A visit to the abandoned village of Crater Cove

With winter receeding and the weather around Sydney starting to clear up. It is time for more adventure.

I had heard of Crater Cove around the traps, but never knew how to get there. It is a closely guarded secret, just like the little village it self.

The history of this place is pretty interesting. It was settled by locals seeking to have a quiet spot out of the rat race or a place to live like a hermit and this lasted from around 1920 up to the 1980s when the government got involved and kicked everyone off their land after the surrounding area was turned into a national park. Since then the place has been left abandoned, with the old locals lurking around to care take the area and shacks. Eventually the National Parks and Wild Life made an agreement with these people allowing them guardianship of the cove.

So to this day, original inhabitants and their families are still present in the cove. Making sure the place is up kept and well presented and hopefully scaring off all the wanker vandals who would destroy this beautiful place. But unfortunately for them, they are still not allowed to live there. So here we have a small, hermit village frozen in time on one the worlds most beautiful harbours.

Getting to the cove is a real hard task. There are no marked trails and if you figure out how to get there, you will have to slog through bush and ankle deep mud to get there. But once you arrive, the muddy trail turns to a sandstone paved path and you are led into the quiet little village that has sat there for so long.

When you clear the scrub at first, you are welcomed by a view over the water. You can see various shacks sticking out of the surrounding bush, but the majority are well hidden and secluded. The first off the track is probably the best thought. It sits directly on the clifftop, it’s built from wood, sandstone, bottles and various other parts that seem to have been washed ashore. I personally think it’s beautiful. Its low roof, outdoor sitting area and stone work are, well beautiful and relaxing. I didn’t want to leave and I could see myself setting up a home there and living like a hermit. It is really something special. The beating of the waves against the cliffs below, god. I want to go back and sit more.

Inside the shacks are a few odds and ends. But they are mostly empty except for warning signs, parks and wildlife uniforms and a few other knicknacks. Plus they are well locked up and local caretakers seem to hide and appear from nowhere. I was really surprised by how many people were around.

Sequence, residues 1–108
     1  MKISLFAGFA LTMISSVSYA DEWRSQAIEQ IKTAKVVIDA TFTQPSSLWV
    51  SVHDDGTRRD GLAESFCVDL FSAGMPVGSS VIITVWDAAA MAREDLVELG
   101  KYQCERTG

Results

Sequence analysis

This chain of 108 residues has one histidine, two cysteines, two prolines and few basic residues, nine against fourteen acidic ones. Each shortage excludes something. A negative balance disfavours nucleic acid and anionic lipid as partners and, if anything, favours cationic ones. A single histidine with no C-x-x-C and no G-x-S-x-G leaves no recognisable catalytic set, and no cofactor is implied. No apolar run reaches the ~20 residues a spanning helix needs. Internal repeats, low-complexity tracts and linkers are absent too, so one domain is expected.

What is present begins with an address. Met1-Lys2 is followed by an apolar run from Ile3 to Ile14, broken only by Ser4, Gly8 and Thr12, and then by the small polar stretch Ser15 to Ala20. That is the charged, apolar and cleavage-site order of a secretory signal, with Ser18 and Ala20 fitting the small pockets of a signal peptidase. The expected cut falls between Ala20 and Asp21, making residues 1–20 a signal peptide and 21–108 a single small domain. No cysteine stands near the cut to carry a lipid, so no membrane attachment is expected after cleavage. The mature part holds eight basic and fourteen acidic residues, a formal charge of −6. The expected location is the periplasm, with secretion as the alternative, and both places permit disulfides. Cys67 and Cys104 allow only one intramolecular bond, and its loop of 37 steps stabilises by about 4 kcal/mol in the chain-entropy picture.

As we continued on we came across a few areas that have been constructed to harness the local fresh water that cascades from the hills above. These are also amazingly built with sandstone used to line the bottom and sides of the little creeks. Many extra pools are now hidden by the overgrown bushes but you can hear the soft sound of water trickling around the village.

The shack shown above was the second we came across and seems to be a caretakers cottage. It is well built, the door is a bit of wood working art. Washed up debris also decorate the cottage, thick sea worn ropes, buoys and hand made furtniture decorate the outside.

The image above shows the view the locals had. To the left is the northern head of Sydney harbour that houses the Quarantine Station. To the right is middle head and further along is Watsons Bay. The gap you see between the heads is the entrance/exit to Sydney Harbour.

The shack shown above is a real character. Strange angles, beautiful stone work and big windows to take in the epic view. I could imagine sitting at the table next to the window watching storms roll in.

The next cottage we visited is labelled the Town Hall. We could not see much but it seems this was the communal meeting spot with large doors and covered external area. It smelt old.

The final cottage we found was Simon’s. We could tell from the sign on the door that said “Simon’s”. This was another nice cottage with outdoor water tank (Which also seemed to have some sort of rudimentary hot water system that connected to the fireplace) and awesomely build chimney. We could peek in the windows on this one. The inside was a neat and well appointed cottage that seems to expect its owner back at any minute.

The little lost village is well worth a visit. I hope it lasts forever because it really is a special place.

 

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